Home postal scale from old CDs
Metal cut off saw from an angle head grinder
Banquet table mover for one person

iamchrismoran (author)Phil B2010-01-07

 yeah, I thought yankee and thrifty went hand in hand. NYW isn't for the light walleted.... but the fancy minded. I fancy someday I'll pull some of those projects off.

THIS project however:
I'll need to read through it a few more times to see how it'll apply to my circular saw, but I'm so happy to see this posted. I have had this precise project want in mind for as long as I realized that I'd likely want to spend more on a table saw than I should. I have a bandsaw that I'm not positive I have set up right, since it doesn't seem give perfectly straight vertical cuts and repurposing the circ saw would be an interesting option.

Phil B (author)iamchrismoran2010-01-07

You have a good observation about 'yankee' and 'thrifty.'  Delta-Rockwell, Kreg, and Porter-Cable want to showcase their tools and New Yankee Workshop makes a convenient vehicle, whether us folks can afford them or not.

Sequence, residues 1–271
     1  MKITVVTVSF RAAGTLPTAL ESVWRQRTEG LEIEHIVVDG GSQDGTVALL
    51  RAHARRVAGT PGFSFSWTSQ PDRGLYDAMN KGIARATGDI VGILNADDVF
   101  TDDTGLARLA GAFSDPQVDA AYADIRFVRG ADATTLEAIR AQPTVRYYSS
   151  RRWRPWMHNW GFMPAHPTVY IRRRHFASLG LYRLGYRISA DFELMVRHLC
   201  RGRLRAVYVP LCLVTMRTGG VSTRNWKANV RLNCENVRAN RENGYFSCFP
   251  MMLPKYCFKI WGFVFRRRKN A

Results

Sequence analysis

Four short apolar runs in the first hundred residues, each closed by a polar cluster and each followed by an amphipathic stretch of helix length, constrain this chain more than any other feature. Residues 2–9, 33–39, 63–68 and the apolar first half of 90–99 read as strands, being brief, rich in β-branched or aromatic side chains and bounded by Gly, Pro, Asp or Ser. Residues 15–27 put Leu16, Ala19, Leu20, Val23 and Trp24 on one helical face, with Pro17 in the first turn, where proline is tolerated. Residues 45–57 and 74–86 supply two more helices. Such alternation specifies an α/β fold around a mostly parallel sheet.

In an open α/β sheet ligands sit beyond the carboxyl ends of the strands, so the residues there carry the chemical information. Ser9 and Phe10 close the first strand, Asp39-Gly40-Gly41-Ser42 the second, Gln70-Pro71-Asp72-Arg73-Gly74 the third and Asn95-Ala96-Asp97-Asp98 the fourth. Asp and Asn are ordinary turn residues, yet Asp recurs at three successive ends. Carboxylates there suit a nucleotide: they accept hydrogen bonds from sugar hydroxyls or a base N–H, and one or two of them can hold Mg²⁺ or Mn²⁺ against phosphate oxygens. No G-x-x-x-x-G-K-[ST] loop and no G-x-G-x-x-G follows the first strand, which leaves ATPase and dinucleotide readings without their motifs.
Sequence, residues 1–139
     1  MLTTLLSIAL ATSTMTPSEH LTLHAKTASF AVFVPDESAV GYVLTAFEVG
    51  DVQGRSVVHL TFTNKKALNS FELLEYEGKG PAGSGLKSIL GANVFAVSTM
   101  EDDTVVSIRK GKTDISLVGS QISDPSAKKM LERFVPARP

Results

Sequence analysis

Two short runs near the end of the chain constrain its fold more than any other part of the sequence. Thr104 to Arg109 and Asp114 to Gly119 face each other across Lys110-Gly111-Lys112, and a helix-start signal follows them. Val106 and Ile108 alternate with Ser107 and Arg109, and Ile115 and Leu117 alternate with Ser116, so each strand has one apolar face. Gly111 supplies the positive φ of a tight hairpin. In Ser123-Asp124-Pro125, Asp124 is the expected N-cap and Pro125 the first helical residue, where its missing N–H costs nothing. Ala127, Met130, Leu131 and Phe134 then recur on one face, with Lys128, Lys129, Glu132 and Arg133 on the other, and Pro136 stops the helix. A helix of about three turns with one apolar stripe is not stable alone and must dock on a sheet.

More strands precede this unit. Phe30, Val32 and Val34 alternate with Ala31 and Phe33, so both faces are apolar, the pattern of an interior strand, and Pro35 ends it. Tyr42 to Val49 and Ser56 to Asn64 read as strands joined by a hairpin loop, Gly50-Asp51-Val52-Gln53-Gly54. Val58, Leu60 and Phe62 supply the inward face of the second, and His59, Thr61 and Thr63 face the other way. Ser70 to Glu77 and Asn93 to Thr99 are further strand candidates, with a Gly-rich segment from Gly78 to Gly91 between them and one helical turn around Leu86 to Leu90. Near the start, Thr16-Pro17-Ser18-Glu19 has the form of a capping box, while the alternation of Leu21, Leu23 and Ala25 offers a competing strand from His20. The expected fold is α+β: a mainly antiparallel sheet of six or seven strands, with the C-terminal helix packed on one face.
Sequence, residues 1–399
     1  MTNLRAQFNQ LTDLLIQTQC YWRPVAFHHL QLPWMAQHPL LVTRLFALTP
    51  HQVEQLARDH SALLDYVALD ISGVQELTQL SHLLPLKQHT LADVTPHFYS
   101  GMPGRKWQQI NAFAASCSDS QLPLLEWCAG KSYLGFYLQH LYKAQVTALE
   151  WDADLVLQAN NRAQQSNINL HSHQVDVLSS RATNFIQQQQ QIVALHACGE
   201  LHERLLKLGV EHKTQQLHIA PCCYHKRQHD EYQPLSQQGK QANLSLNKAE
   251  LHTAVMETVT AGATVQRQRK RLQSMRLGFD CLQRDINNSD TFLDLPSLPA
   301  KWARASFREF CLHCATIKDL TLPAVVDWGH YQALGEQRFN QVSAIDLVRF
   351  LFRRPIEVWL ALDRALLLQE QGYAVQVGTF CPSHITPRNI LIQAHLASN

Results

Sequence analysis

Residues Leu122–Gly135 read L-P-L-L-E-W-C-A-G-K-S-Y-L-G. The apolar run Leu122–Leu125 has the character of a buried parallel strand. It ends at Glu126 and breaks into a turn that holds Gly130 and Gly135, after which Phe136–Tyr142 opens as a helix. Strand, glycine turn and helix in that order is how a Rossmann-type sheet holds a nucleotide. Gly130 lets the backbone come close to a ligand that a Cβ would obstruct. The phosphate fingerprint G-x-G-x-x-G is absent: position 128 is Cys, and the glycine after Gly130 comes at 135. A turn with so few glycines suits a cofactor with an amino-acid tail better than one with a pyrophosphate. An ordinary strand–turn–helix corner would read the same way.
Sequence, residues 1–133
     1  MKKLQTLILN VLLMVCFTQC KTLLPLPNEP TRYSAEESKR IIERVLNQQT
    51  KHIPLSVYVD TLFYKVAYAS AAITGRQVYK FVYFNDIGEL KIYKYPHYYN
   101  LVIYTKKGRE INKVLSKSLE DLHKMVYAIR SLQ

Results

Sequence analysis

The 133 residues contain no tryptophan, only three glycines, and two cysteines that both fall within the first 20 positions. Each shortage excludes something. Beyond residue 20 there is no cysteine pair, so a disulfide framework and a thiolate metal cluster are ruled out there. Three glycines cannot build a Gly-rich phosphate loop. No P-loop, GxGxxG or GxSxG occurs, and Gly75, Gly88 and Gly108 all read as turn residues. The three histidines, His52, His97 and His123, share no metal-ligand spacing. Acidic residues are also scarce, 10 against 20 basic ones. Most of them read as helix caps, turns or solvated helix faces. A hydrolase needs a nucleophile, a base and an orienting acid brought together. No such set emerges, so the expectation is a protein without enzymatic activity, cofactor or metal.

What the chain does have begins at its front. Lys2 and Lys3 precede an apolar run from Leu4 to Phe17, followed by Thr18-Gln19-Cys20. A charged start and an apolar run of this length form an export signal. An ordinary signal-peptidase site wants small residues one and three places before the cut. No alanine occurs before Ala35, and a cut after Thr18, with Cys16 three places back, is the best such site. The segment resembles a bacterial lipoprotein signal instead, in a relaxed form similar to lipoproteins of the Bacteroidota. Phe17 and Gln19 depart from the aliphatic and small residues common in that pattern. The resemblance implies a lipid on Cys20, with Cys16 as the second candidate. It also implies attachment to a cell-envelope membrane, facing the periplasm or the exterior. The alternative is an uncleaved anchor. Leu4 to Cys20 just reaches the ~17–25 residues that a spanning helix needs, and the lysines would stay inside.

I have done table saw conversions on three or four circular saw, most of them for other people.  All of the saws were different from one another.  Still, each of them worked well.  Most of what I showed in this Instructable is pretty intuitive, but with a few details that make the final outcome work very well.  There are even other ways to do many of the steps, but I tried to show methods that pretty much guarantee a good outcome for anyone.

glorybe (author)Phil B2010-09-27